BAGRAM AIRFIELD, Afghanistan -- Mentorship and professional development are arguably intrinsic components when molding Soldiers in the Armed Forces.

In the 101st Resolute Support Sustainment Brigade, 'Lifeliners', 101st Airborne Division, officer and non-commissioned officer development is something that has always remained a top priority.

"Senior leader engagements and professional development are absolutely vital in personal and professional growth," said Command Sgt. Maj. Anthony McAdoo, the senior enlisted advisor for the 101st SBDE. "We will advance on and do other things in life whether it's inside or outside our great Army, we are setting a foundation to make Soldiers versatile and well rounded.

Finding solutions, being efficient and providing seamless sustainment support to the warfighter are the things reiterated by Col. Stephanie Barton, a native of Alabama and commander for 101st SBDE, and McAdoo.

While deployed to a combat zone in support of both U.S. Forces Afghanistan and Operation Freedom's Sentinel, the brigade's commander team have implemented programs to develop and groom future Army leaders.

"Leader development is of extreme importance in any environment. We have aggressively taken advantage of the additional time, which has resulted in leader development programs that have involved junior leaders, mid-grade leaders and seniors," said McAdoo. "Our tactic has been to flood the system with opportunities for Soldiers and their leaders to be developed. This is an investment in the future of our Army; this is how we pay it forward."

For Capt. Sarah Barnes, the support transportation-contracting officer, she enjoys the wealth of knowledge being taught to the Soldiers.

"The biggest take away for me is to trust that your leaders are looking at the big picture when it comes to what's best for you and your career. Similarly, you need to be a leader who your subordinates can trust will look out for them and their career," said Barnes.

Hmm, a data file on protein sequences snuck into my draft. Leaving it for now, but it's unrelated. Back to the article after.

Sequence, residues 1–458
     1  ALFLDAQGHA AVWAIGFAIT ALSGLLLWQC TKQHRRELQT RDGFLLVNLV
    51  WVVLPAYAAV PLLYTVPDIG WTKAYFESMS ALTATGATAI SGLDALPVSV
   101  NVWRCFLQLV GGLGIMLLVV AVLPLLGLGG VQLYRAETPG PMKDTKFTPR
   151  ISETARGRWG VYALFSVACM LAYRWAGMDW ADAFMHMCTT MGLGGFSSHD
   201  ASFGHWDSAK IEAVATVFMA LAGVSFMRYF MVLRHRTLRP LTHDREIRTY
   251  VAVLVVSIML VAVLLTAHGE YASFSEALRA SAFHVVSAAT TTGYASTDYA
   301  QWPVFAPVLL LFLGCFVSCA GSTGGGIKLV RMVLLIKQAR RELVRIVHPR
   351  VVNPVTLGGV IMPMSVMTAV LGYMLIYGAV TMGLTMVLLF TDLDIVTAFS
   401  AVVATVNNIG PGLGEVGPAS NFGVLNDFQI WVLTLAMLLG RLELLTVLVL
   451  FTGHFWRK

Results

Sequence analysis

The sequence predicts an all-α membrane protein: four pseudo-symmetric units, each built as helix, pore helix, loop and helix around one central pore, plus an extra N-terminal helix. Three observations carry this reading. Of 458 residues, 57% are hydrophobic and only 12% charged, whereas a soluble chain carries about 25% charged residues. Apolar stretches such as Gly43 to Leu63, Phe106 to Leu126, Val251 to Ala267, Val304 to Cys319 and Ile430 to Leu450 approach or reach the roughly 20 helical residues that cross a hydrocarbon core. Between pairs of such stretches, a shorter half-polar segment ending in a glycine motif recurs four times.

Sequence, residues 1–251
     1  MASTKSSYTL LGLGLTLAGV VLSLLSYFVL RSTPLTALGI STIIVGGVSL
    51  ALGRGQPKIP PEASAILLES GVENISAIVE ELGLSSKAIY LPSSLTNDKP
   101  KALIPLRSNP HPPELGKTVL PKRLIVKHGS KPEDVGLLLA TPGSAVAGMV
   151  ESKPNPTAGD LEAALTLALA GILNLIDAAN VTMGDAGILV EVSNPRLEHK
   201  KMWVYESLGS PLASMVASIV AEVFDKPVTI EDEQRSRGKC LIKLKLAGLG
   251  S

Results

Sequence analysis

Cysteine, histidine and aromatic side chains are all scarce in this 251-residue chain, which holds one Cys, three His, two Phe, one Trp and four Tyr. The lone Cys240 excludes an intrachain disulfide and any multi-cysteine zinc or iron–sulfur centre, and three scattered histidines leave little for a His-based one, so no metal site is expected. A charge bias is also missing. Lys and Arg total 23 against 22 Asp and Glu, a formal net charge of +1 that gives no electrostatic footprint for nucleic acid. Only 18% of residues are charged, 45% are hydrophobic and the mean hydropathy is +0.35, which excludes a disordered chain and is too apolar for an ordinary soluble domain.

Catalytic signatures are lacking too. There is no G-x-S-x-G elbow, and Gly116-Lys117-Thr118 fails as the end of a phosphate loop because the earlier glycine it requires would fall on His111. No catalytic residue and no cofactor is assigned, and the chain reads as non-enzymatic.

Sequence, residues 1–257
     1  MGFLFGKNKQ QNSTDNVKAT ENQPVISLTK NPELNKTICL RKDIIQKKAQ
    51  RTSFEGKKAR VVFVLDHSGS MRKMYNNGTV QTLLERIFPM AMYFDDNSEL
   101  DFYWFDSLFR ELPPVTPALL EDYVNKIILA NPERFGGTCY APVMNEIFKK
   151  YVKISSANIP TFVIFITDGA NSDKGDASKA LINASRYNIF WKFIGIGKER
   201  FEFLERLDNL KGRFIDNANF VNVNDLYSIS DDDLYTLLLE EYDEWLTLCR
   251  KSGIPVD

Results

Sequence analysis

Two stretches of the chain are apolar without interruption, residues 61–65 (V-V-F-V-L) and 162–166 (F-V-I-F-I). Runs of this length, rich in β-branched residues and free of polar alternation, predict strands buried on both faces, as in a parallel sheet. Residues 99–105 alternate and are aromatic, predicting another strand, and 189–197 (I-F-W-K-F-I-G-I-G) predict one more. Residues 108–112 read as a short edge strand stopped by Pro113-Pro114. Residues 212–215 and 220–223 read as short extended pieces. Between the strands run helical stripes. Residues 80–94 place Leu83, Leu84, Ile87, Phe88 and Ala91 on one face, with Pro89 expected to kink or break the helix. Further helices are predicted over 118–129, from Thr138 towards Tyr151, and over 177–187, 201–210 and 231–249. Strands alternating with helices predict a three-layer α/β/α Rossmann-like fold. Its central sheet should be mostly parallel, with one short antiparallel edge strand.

Maj. John Hurd, a native of Gahanna, Ohio, and the brigade's adjutant officer, believes leader development seminars are important, not for the specific topic but for the dialogue that is created between all leaders within an organization.

Hurd believes it provides leaders with a better understanding of the commander's vision, intent, and end state through interaction.

"Leadership is a mix between science and art, but mostly art, influencing Soldiers within an organization to accomplish the mission," Hurd said. "I focus on key touch points with junior officers, which comes through training, meetings, and pairing them with a capable NCO. Training increases their knowledge base of system and technical specialties and boost confidence."

As Lifeliners are coming full circle on their tenure in Afghanistan at the final moral leadership seminar Barton concluded the seminar with a motivating and heartfelt message to the service members in the room.

"I want you to know that this team is the reason why we continue to dominate and never fail," said Barton. "Learn from your mistakes and keep growing those in our formation, continue to share your knowledge and experience and this will help better our organization. You guys are the reason why we are the best Sustainment Brigade in the Army!"

Company Command University and senior empowerment sessions has paid huge dividends to leaders across the brigade. Almost a dozen captains have redeployed to take command and lead Soldiers in various formations across the 101st Abn. Div. While non-commissioned officers are winning monthly boards, dominating in various roles, and operating outside their designated military occupational specialty.